The Heidi Chronicles
The central character, Heidi Holland (Ellen Karas), is an intelligent woman trying to make a difference as an art history professor focusing specifically on women painters, most of whom were unknown to the general public until the late 20th century. Heidi grows and progresses from 1965, when she is an awkward adolescent at a high school dance, to the late 1980s. Along the way, she encounters student activism, women's consciousness raising, gay rights and the question of what compromises may be necessary for a happy and satisfying life.
Karas ably inhabits her character's frustrations as a woman who finds something to believe in, then gets frustrated when other people don't go along with it – leading to a memorable meltdown. As another character says, she's "a serious good person" and "the true believer who didn't understand that all this is just a phase."
To set Heidi in greater relief, Wasserstein has given her a lifelong best friend, Susan Johnston. Catherine Weidner does the best she can with a character whose purpose seems to be that she encapsulates every choice Heidi did not make, from clerking for a Supreme Court justice in Washington, to raising sheep on a women's commune in Montana, then to a business degree and eminence in Hollywood.
The actors playing the two men in Heidi's life give performances as good as Karas', and they are well matched: Marty Lodge as Scoop Rosenbaum, hotshot journalist and a man who, while he cares about Heidi, chooses to marry a woman whose ego doesn't threaten his; and Wynn Harmon as Peter Patrone, a clever, witty pediatrician who is also gay. Lodge gives Scoop enough surface charm that he seems ultimately pitiful rather than hateful, and Harmon conveys both the character's insouciance and a growing fury that eventually has to break out.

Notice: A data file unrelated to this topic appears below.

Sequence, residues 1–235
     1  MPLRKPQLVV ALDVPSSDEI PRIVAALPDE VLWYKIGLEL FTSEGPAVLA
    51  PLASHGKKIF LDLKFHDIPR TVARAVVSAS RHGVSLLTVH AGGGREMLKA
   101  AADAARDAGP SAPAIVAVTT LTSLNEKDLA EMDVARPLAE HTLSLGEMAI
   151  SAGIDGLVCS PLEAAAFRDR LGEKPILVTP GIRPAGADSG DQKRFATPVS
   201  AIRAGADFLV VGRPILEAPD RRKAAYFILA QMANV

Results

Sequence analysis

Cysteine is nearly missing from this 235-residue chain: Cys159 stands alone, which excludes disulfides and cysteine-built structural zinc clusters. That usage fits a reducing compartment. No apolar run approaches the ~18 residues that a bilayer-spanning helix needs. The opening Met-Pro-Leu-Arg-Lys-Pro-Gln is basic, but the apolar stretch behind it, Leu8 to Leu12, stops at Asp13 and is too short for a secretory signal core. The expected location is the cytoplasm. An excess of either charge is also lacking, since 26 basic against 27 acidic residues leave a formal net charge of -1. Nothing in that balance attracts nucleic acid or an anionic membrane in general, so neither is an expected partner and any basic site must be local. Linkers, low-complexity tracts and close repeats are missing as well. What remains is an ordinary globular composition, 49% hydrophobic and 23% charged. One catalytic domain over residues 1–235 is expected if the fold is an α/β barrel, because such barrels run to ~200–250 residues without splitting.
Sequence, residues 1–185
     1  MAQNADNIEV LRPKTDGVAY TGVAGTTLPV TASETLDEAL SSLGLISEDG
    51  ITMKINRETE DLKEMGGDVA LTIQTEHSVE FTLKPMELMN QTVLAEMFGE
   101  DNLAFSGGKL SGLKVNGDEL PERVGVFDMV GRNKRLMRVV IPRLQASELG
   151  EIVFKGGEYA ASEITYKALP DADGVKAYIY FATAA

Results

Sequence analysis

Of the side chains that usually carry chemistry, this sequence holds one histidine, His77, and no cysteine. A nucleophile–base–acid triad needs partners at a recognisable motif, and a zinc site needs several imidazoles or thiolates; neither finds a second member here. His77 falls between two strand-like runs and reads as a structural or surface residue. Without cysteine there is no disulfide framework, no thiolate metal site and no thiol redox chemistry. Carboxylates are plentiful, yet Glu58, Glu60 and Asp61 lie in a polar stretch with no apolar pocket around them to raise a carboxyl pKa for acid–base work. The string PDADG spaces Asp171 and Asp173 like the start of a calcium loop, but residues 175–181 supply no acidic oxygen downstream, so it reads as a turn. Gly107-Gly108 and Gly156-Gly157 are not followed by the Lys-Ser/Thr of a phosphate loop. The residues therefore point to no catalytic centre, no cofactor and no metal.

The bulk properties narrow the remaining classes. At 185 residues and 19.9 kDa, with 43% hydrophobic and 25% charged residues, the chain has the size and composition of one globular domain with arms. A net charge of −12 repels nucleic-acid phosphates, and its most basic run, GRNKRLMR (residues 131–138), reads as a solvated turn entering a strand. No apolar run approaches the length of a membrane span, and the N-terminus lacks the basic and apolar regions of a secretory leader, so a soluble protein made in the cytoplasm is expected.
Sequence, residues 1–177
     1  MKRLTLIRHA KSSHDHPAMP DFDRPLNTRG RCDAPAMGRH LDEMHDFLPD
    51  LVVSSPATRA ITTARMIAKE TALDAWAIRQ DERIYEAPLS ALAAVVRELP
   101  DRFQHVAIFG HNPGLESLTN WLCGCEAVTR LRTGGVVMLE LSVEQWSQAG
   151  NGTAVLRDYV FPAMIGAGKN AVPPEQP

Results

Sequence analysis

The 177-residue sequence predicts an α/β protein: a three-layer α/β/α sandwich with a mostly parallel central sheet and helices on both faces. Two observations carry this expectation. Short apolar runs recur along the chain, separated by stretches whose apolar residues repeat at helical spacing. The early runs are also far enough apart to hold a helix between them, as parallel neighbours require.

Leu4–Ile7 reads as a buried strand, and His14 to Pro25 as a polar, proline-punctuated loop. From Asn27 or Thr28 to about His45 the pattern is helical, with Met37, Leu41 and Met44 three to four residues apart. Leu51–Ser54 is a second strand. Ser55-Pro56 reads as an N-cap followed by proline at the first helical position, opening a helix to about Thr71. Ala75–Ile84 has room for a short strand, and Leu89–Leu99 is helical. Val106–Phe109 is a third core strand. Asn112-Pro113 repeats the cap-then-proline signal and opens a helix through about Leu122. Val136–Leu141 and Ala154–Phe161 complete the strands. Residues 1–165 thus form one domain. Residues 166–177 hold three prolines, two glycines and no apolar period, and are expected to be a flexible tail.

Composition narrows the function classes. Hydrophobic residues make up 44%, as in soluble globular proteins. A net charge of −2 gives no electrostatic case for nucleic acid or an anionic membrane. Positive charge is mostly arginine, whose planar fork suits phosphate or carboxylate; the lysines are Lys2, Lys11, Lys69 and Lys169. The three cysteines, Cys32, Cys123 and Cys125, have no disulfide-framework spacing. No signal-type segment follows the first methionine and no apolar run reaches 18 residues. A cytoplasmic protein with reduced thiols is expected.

Wasserstein sums up the rest of Heidi's world in broad strokes, including a 1960s women's group with a lost, abused young woman, a rebellious homemaker, and a hilariously militant lesbian; Scoop's steel-magnolia wife and her younger sister, who sees only the financial rewards in the feminist struggle; and an airheaded talk show host in a sunshine yellow suit and matching heels.
Donald Eastman's scenic design does a lot with a little, primarily using different kinds of chairs to denote different settings. Merrily Murray-Walsh captures the excesses of several eras in her costumes, from Heidi's 1968 trapeze dress with Mondrian-style blocks of color to the exaggerated shoulder pads of the 1980s women's suits and Scoop's burgundy jacket and vest.
A series of projections designed by Kirby Malone and Gail Scott White sets each scene in a concrete historical context while also introducing the audience to examples of women's art through the years.